GravityLight: The LED Lamp Powered by Gravity

This clever invention is transforming the quality of life in remote, off-grid, or resource-poor communities. How? Through a light powered entirely by gravity, requiring neither electricity nor batteries.

Author Annalisa Dorigo, 09.13.17

Translation Annalisa Dorigo:

This clever invention is transforming the quality of life in remote, off-grid, or resource-poor communities. How? Through a light powered entirely by gravity, requiring neither electricity nor batteries.

Lack of electricity is an issue for an estimated 1.2 billion of people globally. Millions more people have only unreliable access to it. How to ensure a steady, clean and affordable supply of electricity for off-grid, remote and/or resource poor communities?

GravityLight does exactly what it says on the tin: it is an LED light powered entirely by gravity. The light is equipped with a cord attached to a load. The cord is manually pulled to lift the weight up. As the weight slowly descends towards the ground (it takes 20 minutes for it to drop 1.8 metres), the lift activates a gear mechanism that in turn drives the motor that powers the LEDs.

A few seconds is all that is needed to pull up the cord attached to the 12 kg weight (which however only feels like a three kg load): as the load descends, it creates some 20 minutes of light, after which the cords can be pulled up again to repeat the process. Sand or rocks can be used to make up the necessary load.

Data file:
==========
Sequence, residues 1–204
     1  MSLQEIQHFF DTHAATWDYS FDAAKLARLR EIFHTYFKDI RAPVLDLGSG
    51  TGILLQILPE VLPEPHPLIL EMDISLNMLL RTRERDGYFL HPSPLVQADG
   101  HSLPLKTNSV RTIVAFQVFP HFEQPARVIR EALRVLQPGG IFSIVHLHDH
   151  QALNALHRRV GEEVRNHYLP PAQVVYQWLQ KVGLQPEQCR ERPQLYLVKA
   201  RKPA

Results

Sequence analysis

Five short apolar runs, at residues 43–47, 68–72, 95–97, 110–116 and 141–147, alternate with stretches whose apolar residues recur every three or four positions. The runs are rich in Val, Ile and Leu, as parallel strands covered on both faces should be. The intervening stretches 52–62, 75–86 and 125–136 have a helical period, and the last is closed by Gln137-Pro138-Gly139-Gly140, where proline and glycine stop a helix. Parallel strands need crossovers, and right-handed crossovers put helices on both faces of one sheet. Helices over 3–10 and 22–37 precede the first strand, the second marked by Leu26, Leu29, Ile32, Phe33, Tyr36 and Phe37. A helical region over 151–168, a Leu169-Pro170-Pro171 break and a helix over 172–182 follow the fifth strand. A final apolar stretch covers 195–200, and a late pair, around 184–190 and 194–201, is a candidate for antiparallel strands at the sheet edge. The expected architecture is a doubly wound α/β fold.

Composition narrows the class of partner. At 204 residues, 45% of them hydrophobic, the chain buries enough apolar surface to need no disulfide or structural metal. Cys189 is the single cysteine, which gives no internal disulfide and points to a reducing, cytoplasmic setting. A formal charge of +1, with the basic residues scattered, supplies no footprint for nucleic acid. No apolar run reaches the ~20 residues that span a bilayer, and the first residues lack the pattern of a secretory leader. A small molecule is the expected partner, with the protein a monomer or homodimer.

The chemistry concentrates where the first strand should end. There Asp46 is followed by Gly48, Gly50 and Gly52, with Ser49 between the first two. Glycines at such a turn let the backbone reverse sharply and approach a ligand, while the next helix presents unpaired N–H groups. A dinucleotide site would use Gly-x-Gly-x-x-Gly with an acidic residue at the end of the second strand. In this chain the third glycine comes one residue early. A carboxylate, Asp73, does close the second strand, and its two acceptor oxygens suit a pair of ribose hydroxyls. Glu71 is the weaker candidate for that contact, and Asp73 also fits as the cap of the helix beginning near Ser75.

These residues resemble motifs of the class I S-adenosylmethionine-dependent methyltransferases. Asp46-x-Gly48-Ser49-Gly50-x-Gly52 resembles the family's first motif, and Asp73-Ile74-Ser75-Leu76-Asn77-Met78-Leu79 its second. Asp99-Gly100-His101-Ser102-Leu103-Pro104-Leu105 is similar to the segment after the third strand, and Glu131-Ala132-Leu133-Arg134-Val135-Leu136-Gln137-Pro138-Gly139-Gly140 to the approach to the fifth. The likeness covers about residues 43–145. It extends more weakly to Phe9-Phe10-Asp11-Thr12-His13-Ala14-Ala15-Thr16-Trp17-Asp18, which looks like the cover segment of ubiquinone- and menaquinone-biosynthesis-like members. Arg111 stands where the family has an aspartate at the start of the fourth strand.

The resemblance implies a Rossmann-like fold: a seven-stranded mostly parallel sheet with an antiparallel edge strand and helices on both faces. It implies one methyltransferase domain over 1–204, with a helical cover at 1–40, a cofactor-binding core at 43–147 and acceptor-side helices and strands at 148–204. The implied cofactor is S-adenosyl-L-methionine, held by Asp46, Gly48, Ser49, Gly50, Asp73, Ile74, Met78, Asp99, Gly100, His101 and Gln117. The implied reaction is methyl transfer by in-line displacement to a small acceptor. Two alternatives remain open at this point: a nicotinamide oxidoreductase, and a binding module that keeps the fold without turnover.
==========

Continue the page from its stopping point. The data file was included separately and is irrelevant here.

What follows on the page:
Ok, so it may not be the uninterrupted light at the single press of a button some of us are accustomed to, but for places lacking electricity infrastructure or resources, GravityLight offers a very low-cost and practical solution to generate light instantly. It costs 25 USD to purchase, requires no batteries, nor power sources (whether renewable or not), and costs absolutely nothing to run. Genius!

Gravity, not Kerosene: Cleaner, Safer, More Affordable

It is not just cheaper, but also safer and cleaner than its kerosene counterparts often in use in off-grid communities where indoor air-pollution and cataracts are only some of the effects of kerosene lamps’ use. Also, GravityLight produces a light five times brighter than that produced by a typical open-wick kerosene lamp. And, through a DC jack available at the back of its body, the electricity generated can also be used to power other devices, such as radios. 

But GravityLight is about much more than bringing light to off-grid communities: by working with local partners and with local people, who assemble and sell the light, it also supports and develops the local job market within those very communities.

To find out more, head to their website, and check out the video below:

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